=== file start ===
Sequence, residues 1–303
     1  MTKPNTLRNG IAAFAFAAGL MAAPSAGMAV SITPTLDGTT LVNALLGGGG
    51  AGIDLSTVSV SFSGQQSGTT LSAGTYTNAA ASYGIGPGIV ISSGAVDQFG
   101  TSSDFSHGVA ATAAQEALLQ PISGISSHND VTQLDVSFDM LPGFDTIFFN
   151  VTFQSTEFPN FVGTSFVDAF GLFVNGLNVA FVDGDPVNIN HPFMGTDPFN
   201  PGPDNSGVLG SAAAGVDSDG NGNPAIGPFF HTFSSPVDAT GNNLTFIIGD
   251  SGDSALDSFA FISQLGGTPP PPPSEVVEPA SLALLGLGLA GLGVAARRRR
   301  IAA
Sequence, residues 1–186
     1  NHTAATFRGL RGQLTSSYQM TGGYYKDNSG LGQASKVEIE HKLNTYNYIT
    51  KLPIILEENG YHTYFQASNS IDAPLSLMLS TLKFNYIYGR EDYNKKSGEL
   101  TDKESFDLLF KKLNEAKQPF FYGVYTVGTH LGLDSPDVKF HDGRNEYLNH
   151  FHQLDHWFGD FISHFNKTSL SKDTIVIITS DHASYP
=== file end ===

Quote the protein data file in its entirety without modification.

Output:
Sequence, residues 1–303
     1  MTKPNTLRNG IAAFAFAAGL MAAPSAGMAV SITPTLDGTT LVNALLGGGG
    51  AGIDLSTVSV SFSGQQSGTT LSAGTYTNAA ASYGIGPGIV ISSGAVDQFG
   101  TSSDFSHGVA ATAAQEALLQ PISGISSHND VTQLDVSFDM LPGFDTIFFN
   151  VTFQSTEFPN FVGTSFVDAF GLFVNGLNVA FVDGDPVNIN HPFMGTDPFN
   201  PGPDNSGVLG SAAAGVDSDG NGNPAIGPFF HTFSSPVDAT GNNLTFIIGD
   251  SGDSALDSFA FISQLGGTPP PPPSEVVEPA SLALLGLGLA GLGVAARRRR
   301  IAA
Sequence, residues 1–186
     1  NHTAATFRGL RGQLTSSYQM TGGYYKDNSG LGQASKVEIE HKLNTYNYIT
    51  KLPIILEENG YHTYFQASNS IDAPLSLMLS TLKFNYIYGR EDYNKKSGEL
   101  TDKESFDLLF KKLNEAKQPF FYGVYTVGTH LGLDSPDVKF HDGRNEYLNH
   151  FHQLDHWFGD FISHFNKTSL SKDTIVIITS DHASYP